The US CPI numbers were a psychological turning point for the market. There have been undershoots of inflation before but this one was particularly significant given the change in tone from the Fed. The FOMC wanted to decelerate the pace of policy tightening and this gave them the justification. The 10Y US Treasury yield has rallied 40bp since then, despite indications from the Fed that terminal rates could well be higher than the 5% priced by the market.1
A lower interest rate profile benefits other asset classes. Coupled with the feeling that China may be peeling back at least some layers of their strict Covid lockdown laws, it helped support equities and other risk assets, with the S&P 500 index up almost 7.5% since the close on 9 November. While there is some genuine optimism that this could mark a turning point for the markets, a part of the move was driven by position squaring. So the bolt of good news pushed against a market that was positioned for continually rising inflation, higher interest rates and weaker growth and earnings.
Inflation is seen as being close to or potentially past its peak in most of the G10 but there remain plenty of questions on how far rates need to rise in order to bring inflation lower. So there may well be more market volatility to feed through. That said, for now, many in the market are comfortable that the October CPI numbers do signal a turn of sorts. From that respect, the flows that have been recorded in the market since 10 November should be representative of where market participants will be looking to invest in the post peak inflation world.
EMEA ETF flows from 10 Nov 2022 to 22 Nov 2022 for selected categories (in $m)
Source: Bloomberg Finance L.P., State Street Global Advisors as of 22 November 2022. Flows are as of the date indicated, are subject to change, and should not be relied upon as current thereafter.
Equity ETF investors have embraced the rally and flows have accelerated also helped by the better than expected US PPI numbers. The segment which has enjoyed strongest net inflows was US large caps, taking in $1.2bn of net new assets since 10 November. If inflation continues to fall and does so at a rapid pace, US equities will be well positioned to enjoy both strong performance and inflows given their long duration, defensive profile and the valuations which are no longer stretched.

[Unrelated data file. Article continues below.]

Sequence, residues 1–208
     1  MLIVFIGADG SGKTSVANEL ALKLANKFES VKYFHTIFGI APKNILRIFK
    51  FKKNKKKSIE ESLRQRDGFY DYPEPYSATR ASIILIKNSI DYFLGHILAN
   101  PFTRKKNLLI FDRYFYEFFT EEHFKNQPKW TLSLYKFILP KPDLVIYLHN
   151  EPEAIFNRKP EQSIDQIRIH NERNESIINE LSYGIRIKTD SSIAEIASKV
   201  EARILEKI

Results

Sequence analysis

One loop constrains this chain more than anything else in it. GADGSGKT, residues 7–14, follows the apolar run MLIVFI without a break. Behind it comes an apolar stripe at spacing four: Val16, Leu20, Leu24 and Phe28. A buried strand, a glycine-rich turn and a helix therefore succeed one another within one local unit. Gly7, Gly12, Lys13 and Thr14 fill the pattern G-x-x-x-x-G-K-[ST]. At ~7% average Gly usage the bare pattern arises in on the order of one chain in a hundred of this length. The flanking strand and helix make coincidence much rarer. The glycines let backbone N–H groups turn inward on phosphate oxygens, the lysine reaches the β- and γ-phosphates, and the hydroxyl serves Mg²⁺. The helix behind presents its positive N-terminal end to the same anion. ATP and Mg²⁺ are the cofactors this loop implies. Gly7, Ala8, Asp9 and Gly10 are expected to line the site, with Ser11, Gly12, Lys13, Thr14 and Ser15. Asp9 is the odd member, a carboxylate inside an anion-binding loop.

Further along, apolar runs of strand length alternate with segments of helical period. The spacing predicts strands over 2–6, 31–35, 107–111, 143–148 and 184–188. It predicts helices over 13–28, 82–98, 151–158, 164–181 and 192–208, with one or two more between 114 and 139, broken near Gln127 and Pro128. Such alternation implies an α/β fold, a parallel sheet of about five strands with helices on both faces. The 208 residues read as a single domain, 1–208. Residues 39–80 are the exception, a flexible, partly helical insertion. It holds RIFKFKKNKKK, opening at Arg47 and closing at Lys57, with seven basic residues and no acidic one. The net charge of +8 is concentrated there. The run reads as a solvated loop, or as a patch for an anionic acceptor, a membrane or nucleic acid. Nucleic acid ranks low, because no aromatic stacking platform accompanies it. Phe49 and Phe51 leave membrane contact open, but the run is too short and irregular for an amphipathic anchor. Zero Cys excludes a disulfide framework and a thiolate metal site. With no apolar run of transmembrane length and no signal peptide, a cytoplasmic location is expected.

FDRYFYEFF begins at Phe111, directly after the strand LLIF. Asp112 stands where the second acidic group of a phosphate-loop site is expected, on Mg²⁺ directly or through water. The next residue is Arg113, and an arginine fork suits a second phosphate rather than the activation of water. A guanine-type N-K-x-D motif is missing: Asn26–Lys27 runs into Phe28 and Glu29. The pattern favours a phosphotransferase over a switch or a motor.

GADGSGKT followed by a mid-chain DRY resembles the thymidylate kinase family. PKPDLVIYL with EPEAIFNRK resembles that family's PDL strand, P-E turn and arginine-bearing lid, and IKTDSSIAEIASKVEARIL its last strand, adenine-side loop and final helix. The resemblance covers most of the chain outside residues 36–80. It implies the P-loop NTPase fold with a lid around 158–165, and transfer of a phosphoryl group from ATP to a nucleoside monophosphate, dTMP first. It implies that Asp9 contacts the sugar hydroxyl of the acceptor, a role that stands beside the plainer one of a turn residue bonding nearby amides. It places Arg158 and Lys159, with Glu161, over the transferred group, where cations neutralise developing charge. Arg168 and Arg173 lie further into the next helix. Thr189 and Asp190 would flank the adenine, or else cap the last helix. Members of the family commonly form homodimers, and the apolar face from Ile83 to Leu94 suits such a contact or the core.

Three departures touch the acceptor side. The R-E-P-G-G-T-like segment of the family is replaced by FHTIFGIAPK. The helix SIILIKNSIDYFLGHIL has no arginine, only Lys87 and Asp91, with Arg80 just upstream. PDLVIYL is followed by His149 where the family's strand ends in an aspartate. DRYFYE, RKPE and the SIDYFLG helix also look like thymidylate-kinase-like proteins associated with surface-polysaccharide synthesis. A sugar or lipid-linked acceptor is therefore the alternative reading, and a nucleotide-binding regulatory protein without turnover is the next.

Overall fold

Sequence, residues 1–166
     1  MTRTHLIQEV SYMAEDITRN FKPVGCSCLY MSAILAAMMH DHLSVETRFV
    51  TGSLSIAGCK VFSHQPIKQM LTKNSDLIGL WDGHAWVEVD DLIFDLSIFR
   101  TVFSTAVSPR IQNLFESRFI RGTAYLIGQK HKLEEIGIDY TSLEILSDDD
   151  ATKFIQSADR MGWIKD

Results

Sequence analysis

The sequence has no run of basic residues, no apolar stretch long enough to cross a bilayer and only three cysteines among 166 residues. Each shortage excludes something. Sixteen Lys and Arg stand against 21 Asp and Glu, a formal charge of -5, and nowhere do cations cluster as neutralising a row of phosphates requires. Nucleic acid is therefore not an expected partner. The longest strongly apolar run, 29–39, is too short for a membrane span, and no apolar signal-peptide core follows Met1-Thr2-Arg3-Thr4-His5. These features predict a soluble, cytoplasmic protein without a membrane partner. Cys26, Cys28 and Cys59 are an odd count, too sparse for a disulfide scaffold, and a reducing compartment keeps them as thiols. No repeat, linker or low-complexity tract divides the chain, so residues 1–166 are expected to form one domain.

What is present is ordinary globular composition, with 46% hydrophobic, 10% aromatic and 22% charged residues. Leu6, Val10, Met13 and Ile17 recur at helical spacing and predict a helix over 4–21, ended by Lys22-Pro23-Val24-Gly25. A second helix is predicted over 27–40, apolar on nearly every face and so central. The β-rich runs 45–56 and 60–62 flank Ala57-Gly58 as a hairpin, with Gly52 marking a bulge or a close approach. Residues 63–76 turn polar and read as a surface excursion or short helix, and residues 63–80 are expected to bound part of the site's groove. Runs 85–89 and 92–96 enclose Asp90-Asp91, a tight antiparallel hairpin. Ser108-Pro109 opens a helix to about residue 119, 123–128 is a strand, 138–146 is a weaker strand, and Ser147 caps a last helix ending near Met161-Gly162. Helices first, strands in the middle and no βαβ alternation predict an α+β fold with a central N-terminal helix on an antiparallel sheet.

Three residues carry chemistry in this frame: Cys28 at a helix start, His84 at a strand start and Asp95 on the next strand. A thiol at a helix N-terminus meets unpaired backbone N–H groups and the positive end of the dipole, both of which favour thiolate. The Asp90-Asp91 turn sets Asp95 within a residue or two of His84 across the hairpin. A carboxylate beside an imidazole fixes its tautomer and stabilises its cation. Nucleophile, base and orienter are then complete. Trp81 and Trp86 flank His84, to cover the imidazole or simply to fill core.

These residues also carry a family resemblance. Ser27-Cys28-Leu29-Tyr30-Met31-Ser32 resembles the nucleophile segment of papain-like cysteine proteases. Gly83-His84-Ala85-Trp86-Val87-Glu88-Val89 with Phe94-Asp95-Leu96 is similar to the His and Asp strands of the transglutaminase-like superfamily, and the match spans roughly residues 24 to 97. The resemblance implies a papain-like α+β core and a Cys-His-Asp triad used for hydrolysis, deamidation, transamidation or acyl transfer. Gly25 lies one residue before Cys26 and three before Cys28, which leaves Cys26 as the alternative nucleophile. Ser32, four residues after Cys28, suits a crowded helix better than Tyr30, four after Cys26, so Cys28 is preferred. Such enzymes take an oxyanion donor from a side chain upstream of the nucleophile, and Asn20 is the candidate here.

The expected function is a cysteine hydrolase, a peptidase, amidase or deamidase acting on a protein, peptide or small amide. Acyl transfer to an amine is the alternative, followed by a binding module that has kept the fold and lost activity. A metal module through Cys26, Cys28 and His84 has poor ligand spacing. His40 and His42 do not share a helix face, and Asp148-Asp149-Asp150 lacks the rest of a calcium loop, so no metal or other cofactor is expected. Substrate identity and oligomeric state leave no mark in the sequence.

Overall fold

Interestingly, investors continued to buy in into Japan equities which have gathered $166mn since 10 November. Despite some depreciation of the US dollar, the Japanese yen remains very weak, thus supporting Japanese companies which derive nearly 50%(2) of their revenue from outside Japan.
Emerging market (EM) equities also saw some decent interest, gathering over $400m. EM performance was further boosted by news on the potential easing of covid related restrictions in China. However, this may prove transient given the rising number of covid cases has meant the re-emergence of lockdowns. Further US dollar weakening combined with a gradual move towards the end of zero covid policy and the loosening of scrutiny over tech companies in China would certainly serve as an inflection point for investors to buy into EM equities.
We observed strong performance from European equities too but ETF investors have been more cautious given the upcoming winter season and persisting geopolitical uncertainty. As such broad European exposures endured $1.1bn of net outflows while European sectors lost $427mn and that stands in contrast with most other equity regions.
For fixed income ETFs the highest inflows ($1.4bn) have been into euro denominated investment-grade corporate debt. One reason for this would certainly have been related to the idea that with inflation topping out, the ECB may not be forced to hike rates too high. The 1 year forward of the 1-month EUR rate has declined 15bp from the levels seen prior to the US CPI. Coupled with the decline in energy prices, this should help to reduce the risks of a severe recession, which had been a significant risk factor hanging over credit markets. While investment grade exposures benefitted, there was little support for Euro government bonds which recorded net outflows. This could have been driven by switches out of government into investment-grade bonds as, with spreads at the time that were over 200bp, investors are well compensated for the risks of a deterioration in credit quality as a result of weaker growth.
Strong flows of $422m were also seen into US government bonds. However, the trend of flows into treasuries has not been driven exclusively by the turn in inflation. It has been the top gathering strategy for fixed income for 2022 with over $15bn of inflows. The inflows are potentially more a sign that investors are comfortable bearing the risks of a further sell-off, given the now higher yields on offer.
At the other end of the spectrum there has been net selling of emerging market debt. At first glance this seems at odds with the more risk-on tone to markets, but much has been driven by outflows from China bonds. This makes more sense given the PBoC has been one of the few central banks in easing mode. A slightly more relaxed approach to Covid, resulting in stronger growth, coupled with measures to help the real estate sector, probably means less support from the central bank will be required.
1 State Street Global Advisors, Bloomberg Finance L.P as of 22 November 2022. Flow data for period between 10 November 2022 to 22 November 2022.
2 Source: FactSet, State Street Global Advisors as of 30 September 2022. Revenue weighted by market cap of MSCI Japan constituents.
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